Parthian command: 1 x Kn (General), 2 x Kn, and 9 x 2LH.

Some handy links:
Parthian military overview,
Mithras at Dura Europos
Duro Europos Synagogue – slideshow
Battle of Nisibis AD 217

Wednesday, 18 March 2015

II/22 Arabo-Aramean, part 2

The Kingdom of Adiabene,

Unlike Hatra, which was situated on the commercial network as Palmyra, Adiabene's location brought it in constant rivalry with the neighboring Kingdom of Armenia. Her location was situated on the thoroughfare between Armenia and Parthia and later Sassan. 

Painting the army. 
Two of the six bowmen are clad in chain-mail and are distinct with their white plumes and cloaks and these are my Palace Guard. The remaining bowmen are painted in muted colours which brought a nice eastern look to both commands. The darker clothed figures in reds and brown carrying shield are fast blade. 

As both armies are nearly identical in appearance, the only visible difference between the two kingdoms are the banners they carry; the Goddess (Hatra) and the crossed Palm Leaves (Adiabene). This makes combining the two for large scale battles easier.

Both armies have not had a sterling combat record; against the desert nomads, they have not fared to well and as allies for Parthia they were consistent, they fled. 

More later when I present scenarios for this project. 

Tuesday, 17 March 2015

II/22 Arabo-Aramean

Kingdom of Hatra

Assembling a list of armies for this project, I wondered if it wise to add any Arabo-Aramean armies as the desert nomads were a versatile ally for Rome, Parthia and Sassan.

Further investigation proved II/22c, d, and e could be used within the period covered by this project and the difference between the army list of 2.2 and 3.0 are not great. All three options basically have a bodyguard of Kn, with a host of archers backed by javelineers and swordsmen and camel mounted caravan guard.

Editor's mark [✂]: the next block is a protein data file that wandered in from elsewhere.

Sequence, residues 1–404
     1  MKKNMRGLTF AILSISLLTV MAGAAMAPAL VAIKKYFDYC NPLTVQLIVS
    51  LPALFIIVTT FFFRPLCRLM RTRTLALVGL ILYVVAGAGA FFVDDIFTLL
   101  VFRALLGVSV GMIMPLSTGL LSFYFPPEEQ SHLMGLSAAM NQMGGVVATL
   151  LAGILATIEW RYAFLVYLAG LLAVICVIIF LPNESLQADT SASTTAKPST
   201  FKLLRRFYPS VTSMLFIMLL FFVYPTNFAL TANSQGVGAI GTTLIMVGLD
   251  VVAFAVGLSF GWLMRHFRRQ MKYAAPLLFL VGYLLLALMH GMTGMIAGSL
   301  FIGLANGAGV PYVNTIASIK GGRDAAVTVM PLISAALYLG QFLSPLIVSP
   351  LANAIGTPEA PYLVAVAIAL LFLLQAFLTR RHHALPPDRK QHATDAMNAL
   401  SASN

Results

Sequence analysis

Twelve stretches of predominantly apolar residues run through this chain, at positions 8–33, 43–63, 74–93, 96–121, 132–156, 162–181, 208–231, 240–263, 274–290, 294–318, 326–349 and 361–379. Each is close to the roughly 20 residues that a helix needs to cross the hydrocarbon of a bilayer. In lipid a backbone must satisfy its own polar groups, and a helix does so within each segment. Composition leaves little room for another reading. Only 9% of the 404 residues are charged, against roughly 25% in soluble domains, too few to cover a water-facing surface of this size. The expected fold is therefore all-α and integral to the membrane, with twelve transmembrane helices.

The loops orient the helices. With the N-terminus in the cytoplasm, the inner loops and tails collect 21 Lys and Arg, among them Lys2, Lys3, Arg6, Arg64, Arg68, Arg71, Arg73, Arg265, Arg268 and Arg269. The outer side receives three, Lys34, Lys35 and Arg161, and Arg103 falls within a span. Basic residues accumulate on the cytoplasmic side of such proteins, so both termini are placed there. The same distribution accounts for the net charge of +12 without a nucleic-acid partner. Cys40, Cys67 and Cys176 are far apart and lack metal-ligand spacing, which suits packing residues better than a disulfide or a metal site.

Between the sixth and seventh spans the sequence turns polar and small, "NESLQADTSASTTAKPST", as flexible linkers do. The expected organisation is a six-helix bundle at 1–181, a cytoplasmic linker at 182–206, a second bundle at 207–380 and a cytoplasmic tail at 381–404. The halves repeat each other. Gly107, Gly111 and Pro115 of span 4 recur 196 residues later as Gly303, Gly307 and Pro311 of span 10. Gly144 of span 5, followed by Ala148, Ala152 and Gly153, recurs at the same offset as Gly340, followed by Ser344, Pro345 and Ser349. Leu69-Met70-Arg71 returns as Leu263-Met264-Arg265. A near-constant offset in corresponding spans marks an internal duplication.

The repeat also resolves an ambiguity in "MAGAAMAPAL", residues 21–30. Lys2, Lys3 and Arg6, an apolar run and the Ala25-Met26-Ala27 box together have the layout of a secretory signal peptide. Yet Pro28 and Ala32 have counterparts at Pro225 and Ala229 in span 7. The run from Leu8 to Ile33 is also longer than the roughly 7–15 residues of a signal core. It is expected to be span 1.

Individually, these may not fare too well against Rome, but for the larger scale battles they could add an extra dimension to a game. Historically, Hatra did a grand job of “thumbing” their noses at the Romans but less so against the Sassanid.
The figures making up the infantry for the two armies are a mix of Old Glory Armenian infantry and Sassanid archers; two elements of javelin types will be converted to fast blade.

Not pictured are Eastern Roman figures in chainmail, helmet and cloak which serve as a palace guard, the remainder will be painted in muted colours.
I know Essex offer armoured camels, however, I opted to combine all my purchase from one source, Old Glory. They offer 6 camel guards to a pack, which was exactly what was needed.

The design of the Hatrene banner came from a suggestion by “Swampster” at the Fanaticus Forum. The article (link) was an invaluable source covering religious symbols of the period. Next post: the Kingdom of Adiabene.  


Saturday, 14 March 2015

The Eastern Legions and Auxilia

Here is an overview of elements forming an eastern option for the early Severan period.


Legiones (12,000 legionnaires, 72 ballistae)
III Gallica,                                                                                       4 x 4Bd, 1 x Art
IV Scythica,                                                                                     4 x 4Bd, 1 x Art
XVI Flavia.                                                                                       4 x 4Bd, 1 x Art

Auxilia (3,000 cavalry, 1,075 mounted infantry, 7,000 infantry, total: 16,500)
II Flavia Agrippiana,                  from Lugdunensis ,                          1 x 3Cv
I Praetoria C. R.,                        unknown origin,                                1 x 3Cv
III Thracum,                             from Thrace,                                   1 x 3Cv